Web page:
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4 things homebuyers should do with interest rates on pause

With interest rates on pause, homebuyers should take certain steps to take advantage of the break. Getty Images/iStockphoto

Interest rates are on pause and borrowers can breathe a little easier — at least for now. That seemed to be the sentiment this week after the Federal Reserve announced that it was keeping the benchmark interest rate range unchanged. It marked the fourth time the Fed has left rates as is following a surge that brought them to their highest point in decades.

While rates are still high — and the corresponding rates for borrowers elevated — a pause is still better than another hike. But there are ways to take advantage of this now before the next Fed meeting in March, particularly for homebuyers who have been coping with significantly elevated rates. Below, we'll break down four things homebuyers should do now that the interest rate pause looks to be lasting a bit longer.

Start by exploring your mortgage rate options here to see what you qualify for.

4 things homebuyers should do with interest rates on pause

While each homebuyer is unique, here are four things many buyers should consider doing now while rates are steady.

Improve their credit

This may seem obvious but it's important to remember that the best rates and terms will be reserved for those borrowers with the highest credit scores and cleanest credit profiles. So the first thing homebuyers should be doing now — if they haven't already — is to improve their credit as much as possible. 

With a little discipline, borrowers can improve their credit scores from fair to good. This involves paying your existing bills on time but also means refraining from poor spending habits that may have hurt your credit in the past and avoiding applying for other credit while on the house hunt. By taking these steps now you'll better position yourself to get a low rate.

Learn more about your mortgage options today.

Get their finances in order

Do you have to sell your existing home to afford to buy a new one? Or are you relying on a large infusion of money whether that be a bonus, a tax refund or some other source? If you answered yes to either of these questions, then it makes sense to get your finances in order now. The mortgage interest rate environment is rapidly changing and you're going to need to be proactive and aggressive in the developing market of 2024.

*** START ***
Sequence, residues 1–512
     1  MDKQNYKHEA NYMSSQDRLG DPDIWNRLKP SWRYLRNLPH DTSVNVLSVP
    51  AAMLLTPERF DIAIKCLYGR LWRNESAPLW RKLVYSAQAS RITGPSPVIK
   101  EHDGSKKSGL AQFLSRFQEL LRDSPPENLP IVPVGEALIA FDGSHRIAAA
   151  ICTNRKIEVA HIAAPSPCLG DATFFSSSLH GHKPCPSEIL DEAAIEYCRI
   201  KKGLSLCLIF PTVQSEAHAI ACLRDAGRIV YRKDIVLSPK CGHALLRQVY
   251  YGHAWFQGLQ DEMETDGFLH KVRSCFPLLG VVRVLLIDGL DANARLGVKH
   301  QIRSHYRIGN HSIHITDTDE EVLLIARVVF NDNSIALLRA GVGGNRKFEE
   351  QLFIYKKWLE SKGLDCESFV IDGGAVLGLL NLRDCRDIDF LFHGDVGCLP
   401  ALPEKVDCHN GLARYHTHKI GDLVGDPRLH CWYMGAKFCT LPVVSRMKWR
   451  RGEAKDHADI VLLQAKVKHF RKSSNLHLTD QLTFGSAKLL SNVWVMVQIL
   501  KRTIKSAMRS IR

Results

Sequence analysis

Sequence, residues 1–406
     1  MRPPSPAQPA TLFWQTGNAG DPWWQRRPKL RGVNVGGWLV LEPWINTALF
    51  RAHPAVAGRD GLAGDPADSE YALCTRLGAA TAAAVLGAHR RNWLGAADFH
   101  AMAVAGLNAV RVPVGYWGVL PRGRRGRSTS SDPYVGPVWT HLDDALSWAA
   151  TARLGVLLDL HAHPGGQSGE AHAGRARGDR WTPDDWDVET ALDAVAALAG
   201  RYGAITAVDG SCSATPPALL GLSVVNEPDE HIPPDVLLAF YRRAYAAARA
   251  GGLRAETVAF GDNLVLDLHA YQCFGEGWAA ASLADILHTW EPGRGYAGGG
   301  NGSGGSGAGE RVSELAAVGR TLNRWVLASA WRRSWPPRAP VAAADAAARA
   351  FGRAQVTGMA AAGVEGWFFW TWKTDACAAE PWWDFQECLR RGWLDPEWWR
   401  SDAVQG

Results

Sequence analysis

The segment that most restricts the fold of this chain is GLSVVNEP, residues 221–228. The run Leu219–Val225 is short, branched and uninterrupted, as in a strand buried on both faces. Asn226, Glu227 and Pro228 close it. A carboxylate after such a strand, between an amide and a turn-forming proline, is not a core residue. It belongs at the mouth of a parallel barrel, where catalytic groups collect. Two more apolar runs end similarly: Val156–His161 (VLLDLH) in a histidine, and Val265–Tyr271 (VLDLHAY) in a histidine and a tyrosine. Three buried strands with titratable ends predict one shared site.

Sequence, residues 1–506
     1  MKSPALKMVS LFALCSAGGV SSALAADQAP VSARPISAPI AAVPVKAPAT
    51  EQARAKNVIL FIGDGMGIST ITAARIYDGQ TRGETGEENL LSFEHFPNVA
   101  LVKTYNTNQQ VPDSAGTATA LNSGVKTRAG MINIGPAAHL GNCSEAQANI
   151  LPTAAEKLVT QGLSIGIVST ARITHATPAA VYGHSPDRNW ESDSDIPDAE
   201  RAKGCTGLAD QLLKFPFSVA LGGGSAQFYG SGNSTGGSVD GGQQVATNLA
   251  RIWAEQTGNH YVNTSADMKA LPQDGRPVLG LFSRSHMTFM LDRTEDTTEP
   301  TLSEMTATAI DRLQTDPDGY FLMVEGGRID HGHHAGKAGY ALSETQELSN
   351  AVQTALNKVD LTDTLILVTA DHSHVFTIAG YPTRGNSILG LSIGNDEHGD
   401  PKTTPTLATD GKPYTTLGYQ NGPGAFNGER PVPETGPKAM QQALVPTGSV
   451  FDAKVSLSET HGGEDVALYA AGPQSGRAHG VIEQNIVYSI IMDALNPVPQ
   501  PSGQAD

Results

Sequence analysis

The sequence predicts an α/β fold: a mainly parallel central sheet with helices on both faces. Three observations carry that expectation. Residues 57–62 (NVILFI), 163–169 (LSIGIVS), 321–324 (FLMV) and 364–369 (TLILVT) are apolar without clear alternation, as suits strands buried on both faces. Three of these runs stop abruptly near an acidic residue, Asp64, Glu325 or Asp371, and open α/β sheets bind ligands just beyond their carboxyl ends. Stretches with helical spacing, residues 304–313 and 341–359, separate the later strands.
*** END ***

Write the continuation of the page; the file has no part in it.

Accordingly, you won't want your finances to be a block. So, if you need the equity in your current home to get a new one, consider listing it soon. And if you need your tax refund, get your paperwork and file electronically right away. Everything you can do to improve your financial situation now will help. 

Start shopping for lenders

Once you've taken the above steps you'll be prepared to start shopping for mortgage lenders. While rates are generally consistent among lenders you may be able to find a lower rate by shopping around versus accepting the first one you're offered. And remember that every dollar counts, so a rate that's even slightly lower with one lender could pay dividends over the life of the loan. 

Lock in a rate

Sure, today's rates pale in comparison to what could've been secured in 2020 and 2021, but they're still around average, historically. But as the volatility of the last few years has demonstrated, that doesn't mean they'll stay where they are for very long. So it can't hurt to lock in today's average rate now (assuming you've taken the above three steps first). 

If rates drop before you close on the property, you could always unlock your rate and lock the new, low one in instead. Or, if rates drop long-term, you could look to refinance. What you should try avoiding, however, is waiting for the perfect time to get a rate. That may not ever come and you could wind up paying more in the future than if you had just locked in an imperfect rate now.

See what mortgage rate you could get here today.

The bottom line

While an interest rate pause isn't as beneficial as an interest rate cut, it does give borrowers some time to readjust. This is particularly crucial for homebuyers, many of whom have been priced out of the market in recent years due to high rates and low inventory. With this pause, they should take their time to improve their credit and get their finances in order. From there they should shop for lenders and look to lock in a favorable rate when found. By taking these four steps now buyers will better position themselves for financial success in their new home. 

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